I’d have to pick a Madness track because as a kid I was a huge fan and was even in the Madness fan club.

I would have to pick some old soul track it would have to be something by Otis Reading, he was the greatest singer of all time. These Arms Are Mine or Pain In My heart, one of those two, they’re both brilliant.

Who were the last band you went to see?

For pleasure I saw the Skatalites, I hoped it would be great but it wasn’t as good as I’d hoped. There were only two of the original band left, the drummer Lloyd Knibbs and the Sax player Leicester Sterling. They were nowhere near as good as when I last saw them back in the nineties. For me, because I love them so much it was disappointing, I usually try and manufacture bills to get support bands on I like as that’s the only chance I get to see people play.

Who would you recommend checking out? 

Not too sure on new acts, obviously everything on Rockers Revolt, we are going to put out something by Dave Wakely from the Beat. his first ever solo single is great and I’m playing a lot of that, I’m also playing some keys on a few tracks on the next King Blues album so I’m listening to them and they’re sounding amazing.

Talons Interview

How’s the tour been so far?

It’s been good so far we have mostly been touring on weekends due to work commitments and studying. It’s sort of worked out well cause in theory people come out on the weekends more so the gigs have been well attended. It’s slightly less fuel efficient, but the routing has been pretty good. It’s nice to spread it out and have something to look forward to every week.

You’ve just released the first record (Hollow Realm) and it seems to have been received very well (I haven’t read a bad word about it)?

From the reviews we have read the feedback seems to be positive, we are very pleased with it as a record and it’s great to see our hard work pay off. The weird thing is thinking of what to do next, after spending so much time creating a record we are happy with after deciding to take it seriously and work towards the full length.

How long did it take to record such a complex sounding album?

The process itself was over ten days in a residential studio in Wales; it was quite nice because we were purely recording from ten till ten every day. It was really good to do nothing but play and record music. Before we even went into the studio we had the track order and the whole album written as a piece of music. The concept had been considered and the way it would flow from start to finish had been planned. There was one track which we ran out of time to record in the way we had planned so it was recorded in a basement in Leeds. We were worried this would make it stand out and differ in sound from the rest of the album but fortunately it worked and a few people have singled it out as their favourite track. It’s an acoustic track and technically there’s only two of us playing on it.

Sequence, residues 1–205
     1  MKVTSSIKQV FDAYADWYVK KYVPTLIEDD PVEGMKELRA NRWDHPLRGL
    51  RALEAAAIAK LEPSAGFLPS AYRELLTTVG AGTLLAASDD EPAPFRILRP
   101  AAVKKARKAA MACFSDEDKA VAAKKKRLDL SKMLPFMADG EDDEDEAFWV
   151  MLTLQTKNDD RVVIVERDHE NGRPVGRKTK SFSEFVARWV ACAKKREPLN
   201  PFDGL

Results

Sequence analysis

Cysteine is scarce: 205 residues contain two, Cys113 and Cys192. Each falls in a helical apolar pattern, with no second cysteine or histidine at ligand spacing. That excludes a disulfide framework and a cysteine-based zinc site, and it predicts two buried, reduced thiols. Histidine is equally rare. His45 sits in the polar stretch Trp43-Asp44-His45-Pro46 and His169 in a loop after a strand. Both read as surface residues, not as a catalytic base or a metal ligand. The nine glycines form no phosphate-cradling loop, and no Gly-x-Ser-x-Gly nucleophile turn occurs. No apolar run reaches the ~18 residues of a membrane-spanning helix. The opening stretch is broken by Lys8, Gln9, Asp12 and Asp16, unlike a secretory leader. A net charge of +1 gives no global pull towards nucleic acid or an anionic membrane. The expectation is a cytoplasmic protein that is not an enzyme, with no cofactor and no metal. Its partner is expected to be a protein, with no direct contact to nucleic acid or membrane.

How does that translate into the live show if only two of you are playing on it?

We are still in the process of working out how it will work live and we are trying to develop it into a full band sound. A the moment, of the eight tracks on the album we have played six live and the two that haven’t been tried are that one and the last track, which is ten minutes long. We are going to wait until we get into Europe before we drop the ten-minute track and hope people don’t say ‘that’s so boring’. With the two people song it would be nice to keep it as a live treat and re work it for the full band.

Does the live and recorded sound have any variation?

Live we are far more brutal; although this is the first time a producer has got our sound properly. Obviously the recoding is clearer and you can here each part, and live you can only sound as good as the sound engineer at every venue.

To me the album sounds very theatrical and there’s a lot of suspense?

We like a lot of post rock bands but we wanted to take the best bits of what we are all into and try and break the loud, quiet, loud, quiet formula. We always say we are closer to post hardcore than post rock as the dynamics shift very quickly and obviously the violins add another element.

Where do you take influence as a band?

Everyone likes different music, there are classical influences on our violins along with a lot of folk. As a band we are all very into the National and Bon Iver who are both fronted by incredible voices.

Do you spend a lot of time together as a band?